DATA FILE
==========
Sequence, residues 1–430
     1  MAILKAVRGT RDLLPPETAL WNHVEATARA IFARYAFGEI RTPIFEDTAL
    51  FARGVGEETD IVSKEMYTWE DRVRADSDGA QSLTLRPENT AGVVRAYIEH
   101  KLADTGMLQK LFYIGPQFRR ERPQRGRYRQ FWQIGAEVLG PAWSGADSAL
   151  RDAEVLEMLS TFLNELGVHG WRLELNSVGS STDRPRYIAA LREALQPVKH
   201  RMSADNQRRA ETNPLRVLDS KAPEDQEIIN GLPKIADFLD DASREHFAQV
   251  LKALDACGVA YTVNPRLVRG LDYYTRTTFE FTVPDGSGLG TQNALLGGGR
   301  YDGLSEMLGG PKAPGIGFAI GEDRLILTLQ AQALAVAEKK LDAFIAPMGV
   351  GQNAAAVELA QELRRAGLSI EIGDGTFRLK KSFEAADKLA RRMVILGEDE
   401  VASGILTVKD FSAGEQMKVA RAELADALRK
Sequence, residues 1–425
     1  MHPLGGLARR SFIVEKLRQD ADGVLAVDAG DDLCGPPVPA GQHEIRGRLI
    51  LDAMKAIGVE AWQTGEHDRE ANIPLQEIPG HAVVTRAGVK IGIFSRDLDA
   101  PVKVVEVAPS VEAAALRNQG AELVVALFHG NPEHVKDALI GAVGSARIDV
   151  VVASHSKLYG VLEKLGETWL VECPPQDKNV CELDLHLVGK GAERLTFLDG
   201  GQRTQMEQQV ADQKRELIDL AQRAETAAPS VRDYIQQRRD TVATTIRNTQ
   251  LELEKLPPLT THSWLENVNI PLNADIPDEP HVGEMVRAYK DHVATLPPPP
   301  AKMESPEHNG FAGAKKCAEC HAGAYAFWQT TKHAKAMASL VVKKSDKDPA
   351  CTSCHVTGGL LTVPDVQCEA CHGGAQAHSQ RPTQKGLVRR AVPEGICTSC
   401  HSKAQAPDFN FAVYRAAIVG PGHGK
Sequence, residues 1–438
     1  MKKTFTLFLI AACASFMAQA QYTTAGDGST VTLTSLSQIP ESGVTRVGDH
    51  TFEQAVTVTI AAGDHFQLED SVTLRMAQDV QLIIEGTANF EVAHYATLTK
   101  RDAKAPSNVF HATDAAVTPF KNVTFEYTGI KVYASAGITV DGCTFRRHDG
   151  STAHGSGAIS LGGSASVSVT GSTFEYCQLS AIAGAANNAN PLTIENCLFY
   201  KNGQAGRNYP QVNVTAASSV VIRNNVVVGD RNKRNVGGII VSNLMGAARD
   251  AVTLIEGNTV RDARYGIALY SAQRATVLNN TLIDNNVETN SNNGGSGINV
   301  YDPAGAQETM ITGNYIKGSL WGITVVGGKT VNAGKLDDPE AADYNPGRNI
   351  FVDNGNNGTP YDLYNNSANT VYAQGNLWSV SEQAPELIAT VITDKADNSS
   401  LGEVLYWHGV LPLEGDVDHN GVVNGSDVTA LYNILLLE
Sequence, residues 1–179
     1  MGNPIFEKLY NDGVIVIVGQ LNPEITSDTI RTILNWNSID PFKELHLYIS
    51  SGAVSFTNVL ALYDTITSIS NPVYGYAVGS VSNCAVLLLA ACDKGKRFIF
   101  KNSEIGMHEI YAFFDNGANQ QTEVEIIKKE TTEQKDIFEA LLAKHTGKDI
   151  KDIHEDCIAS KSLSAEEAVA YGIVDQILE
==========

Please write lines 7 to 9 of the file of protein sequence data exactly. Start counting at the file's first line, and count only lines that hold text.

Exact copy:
   251  LKALDACGVA YTVNPRLVRG LDYYTRTTFE FTVPDGSGLG TQNALLGGGR
   301  YDGLSEMLGG PKAPGIGFAI GEDRLILTLQ AQALAVAEKK LDAFIAPMGV
   351  GQNAAAVELA QELRRAGLSI EIGDGTFRLK KSFEAADKLA RRMVILGEDE